According to the Ministry of Industry and Trade (MoIT), exports may reach about US$240 billion by the year’s end, an 11.2% increase over 2017.
Some 26 export commodities brought in more than US$1 billion in export value between January and September, making up 90.3% of the country’s total export revenue.
Under that, foreign-invested enterprises (FIEs), with electronics taking the lead, are expected to continue occupying the lion’s share of Vietnam’s exports over the next few years.
The development of Vietnam’s electronics industry is attributed to the large investments from multinational corporations, especially those from the Republic of Korea (RoK) and Japan, in the field of manufacturing electronic components. Vietnam is now becoming a big electronics production base for foreign firms like Samsung and LG, Canon, Panasonic, Daikin, and Intel.
Electronics is the largest export sector of Vietnam. The sector’s export turnover has grown from US$22.9 billion in 2012 to more than US$71 billion in 2017. It is now 2.5 times and five times greater than textiles and footwear sectors, respectively.
Regarding garment and textile, according to the Vietnam Textile and Apparel Association (Vitas), the industry’s exports are forecast to reach US$35 billion this year, higher than the target set at the beginning of the year, thanks to a large number of orders from foreign partners and bright prospects of the world and domestic economies.
In 2017, the sector raked in US$31.2 billion from exports, a year-on-year rise of 10.23%.
The Vitas explained that Vietnam’s participation in free trade agreements and the large investments in the industry by foreign and domestic firms have helped to increase the localisation rate of the industry, leading it to become one of the industries with strongest increases in export values over the years.
The four markets of Japan, China, the US, and the RoK account for 75% of the total exports of garments and textiles, which posted an annual growth rate of more than 20%. The US remains the largest importer of Vietnamese garments and textiles, occupying nearly 40% of the industry’s total export value.
In addition, it is worthy to note that Vietnam’s trade surplus continues expanding, which was attributed to the large trade surplus in FIEs.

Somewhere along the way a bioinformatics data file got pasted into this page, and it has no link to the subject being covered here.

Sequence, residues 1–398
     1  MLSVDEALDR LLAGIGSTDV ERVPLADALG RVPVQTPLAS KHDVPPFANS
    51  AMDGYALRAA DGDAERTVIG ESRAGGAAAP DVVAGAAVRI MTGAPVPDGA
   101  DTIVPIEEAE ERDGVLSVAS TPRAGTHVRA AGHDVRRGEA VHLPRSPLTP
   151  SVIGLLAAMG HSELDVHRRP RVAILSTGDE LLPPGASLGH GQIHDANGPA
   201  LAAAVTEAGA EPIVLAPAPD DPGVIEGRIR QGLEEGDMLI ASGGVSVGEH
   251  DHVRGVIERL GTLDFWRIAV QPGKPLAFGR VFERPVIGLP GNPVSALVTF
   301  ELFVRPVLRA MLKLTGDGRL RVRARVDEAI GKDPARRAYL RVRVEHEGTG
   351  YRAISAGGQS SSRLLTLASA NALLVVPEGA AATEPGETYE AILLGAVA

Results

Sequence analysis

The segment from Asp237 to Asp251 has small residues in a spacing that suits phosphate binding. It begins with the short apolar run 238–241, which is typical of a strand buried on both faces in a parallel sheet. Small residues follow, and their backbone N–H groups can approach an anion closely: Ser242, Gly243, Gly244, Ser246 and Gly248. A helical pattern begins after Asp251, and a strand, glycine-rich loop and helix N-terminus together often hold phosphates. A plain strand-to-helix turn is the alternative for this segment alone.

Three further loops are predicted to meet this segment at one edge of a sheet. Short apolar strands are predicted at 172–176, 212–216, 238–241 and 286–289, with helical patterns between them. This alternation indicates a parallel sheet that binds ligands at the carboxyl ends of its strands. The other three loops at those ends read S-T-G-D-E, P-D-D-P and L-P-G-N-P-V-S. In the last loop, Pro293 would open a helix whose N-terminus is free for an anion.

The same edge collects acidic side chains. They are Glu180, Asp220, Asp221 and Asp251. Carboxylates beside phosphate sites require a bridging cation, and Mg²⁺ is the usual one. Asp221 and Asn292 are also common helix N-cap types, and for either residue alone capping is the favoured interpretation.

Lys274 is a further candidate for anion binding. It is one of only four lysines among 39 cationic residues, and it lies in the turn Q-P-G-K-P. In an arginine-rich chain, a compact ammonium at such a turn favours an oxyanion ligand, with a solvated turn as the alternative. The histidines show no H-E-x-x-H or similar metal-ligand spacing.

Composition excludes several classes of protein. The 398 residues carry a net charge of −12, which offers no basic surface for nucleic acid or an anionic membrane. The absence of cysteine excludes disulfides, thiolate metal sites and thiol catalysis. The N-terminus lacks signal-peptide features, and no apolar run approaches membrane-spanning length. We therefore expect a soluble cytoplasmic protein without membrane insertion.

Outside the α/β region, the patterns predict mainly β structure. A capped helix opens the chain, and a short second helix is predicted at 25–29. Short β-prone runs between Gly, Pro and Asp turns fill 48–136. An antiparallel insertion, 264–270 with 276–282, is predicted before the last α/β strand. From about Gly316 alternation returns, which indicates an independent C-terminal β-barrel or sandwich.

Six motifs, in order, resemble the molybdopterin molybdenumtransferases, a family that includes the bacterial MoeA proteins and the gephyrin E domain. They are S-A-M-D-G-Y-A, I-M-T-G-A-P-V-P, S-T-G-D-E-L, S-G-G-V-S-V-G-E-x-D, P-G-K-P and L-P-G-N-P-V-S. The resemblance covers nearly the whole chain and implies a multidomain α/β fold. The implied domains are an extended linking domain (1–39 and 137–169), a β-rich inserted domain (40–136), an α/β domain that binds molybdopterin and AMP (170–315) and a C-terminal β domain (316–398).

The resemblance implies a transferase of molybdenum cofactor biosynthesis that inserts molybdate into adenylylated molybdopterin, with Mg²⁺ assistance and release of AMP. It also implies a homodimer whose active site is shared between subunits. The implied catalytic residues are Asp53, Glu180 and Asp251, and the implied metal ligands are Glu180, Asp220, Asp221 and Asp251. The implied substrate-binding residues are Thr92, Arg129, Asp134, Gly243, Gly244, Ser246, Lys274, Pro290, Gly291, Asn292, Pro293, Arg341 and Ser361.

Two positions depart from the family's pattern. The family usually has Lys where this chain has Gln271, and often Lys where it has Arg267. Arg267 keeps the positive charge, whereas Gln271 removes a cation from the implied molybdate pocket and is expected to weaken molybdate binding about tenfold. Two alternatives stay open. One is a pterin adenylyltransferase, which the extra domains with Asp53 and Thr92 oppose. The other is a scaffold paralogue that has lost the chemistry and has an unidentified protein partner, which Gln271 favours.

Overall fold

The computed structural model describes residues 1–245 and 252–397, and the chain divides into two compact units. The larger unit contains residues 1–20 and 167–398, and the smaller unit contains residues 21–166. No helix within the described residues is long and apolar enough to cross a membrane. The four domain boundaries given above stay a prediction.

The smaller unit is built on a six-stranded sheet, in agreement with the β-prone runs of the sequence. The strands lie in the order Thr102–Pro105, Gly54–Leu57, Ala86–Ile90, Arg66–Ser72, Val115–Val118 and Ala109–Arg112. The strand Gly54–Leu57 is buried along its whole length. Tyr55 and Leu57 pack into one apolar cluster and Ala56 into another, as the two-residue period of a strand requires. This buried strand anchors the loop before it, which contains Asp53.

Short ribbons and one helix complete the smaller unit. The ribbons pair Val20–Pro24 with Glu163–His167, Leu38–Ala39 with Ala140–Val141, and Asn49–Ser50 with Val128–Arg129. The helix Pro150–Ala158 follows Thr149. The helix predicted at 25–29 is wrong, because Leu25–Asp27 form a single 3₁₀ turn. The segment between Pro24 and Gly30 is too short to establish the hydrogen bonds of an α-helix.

According to the latest report of the Foreign Investment Agency (FIA) under the Ministry of Planning and Investment (MPI), in the first 10 months of this year, FIEs witnessed a trade surplus of US$27.105 million as their exports reached US$126.735 million (including crude oil).
Nguyen Chi Dung, Minister of Planning and Investment, stressed in the MPI’s report delivered to the National Assembly (NA) that the trade balance has shifted from deficit to surplus in three consecutive years, contributing to improved macroeconomic stability, while promoting economic growth in the first three years of the 2016-2020 development period.
In total, Vietnam witnessed a trade deficit of US$3.54 billion in 2015, but it gained a trade surplus of US$2.52 billion and US$2.92 billion in 2016 and 2017, respectively.
According to the government, Vietnam will likely witness a total export-import turnover of US$475 billion this year-up 11.7% on-year, including US$238 billion for exports and US$237 billion for imports. This will lead to a trade surplus of US$1 billion for 2018.
The MPI explained that not only due to FIEs, the recent trade surplus has been induced by the restructuring of the economy as the proportion of industry, especially manufacturing, increased while mining declined. The economy is no longer dependent on the exploitation of natural resources.
It is expected that Vietnam will achieve an increase of 7-8% in the total import-export value next year, while keeping the trade deficit below 3%.
However, expert Le Dinh An expected the government to continue to keep the trade deficit in check, and that although Vietnam has reported a trade surplus recently, this is still not sustainable as domestic production depends heavily on imported raw materials.
The International Monetary Fund reported that strong economic momentum is expected to continue in 2018, aided by reforms, higher potential output, global recovery, and the government’s commitment to uphold macro-economic and financial stability.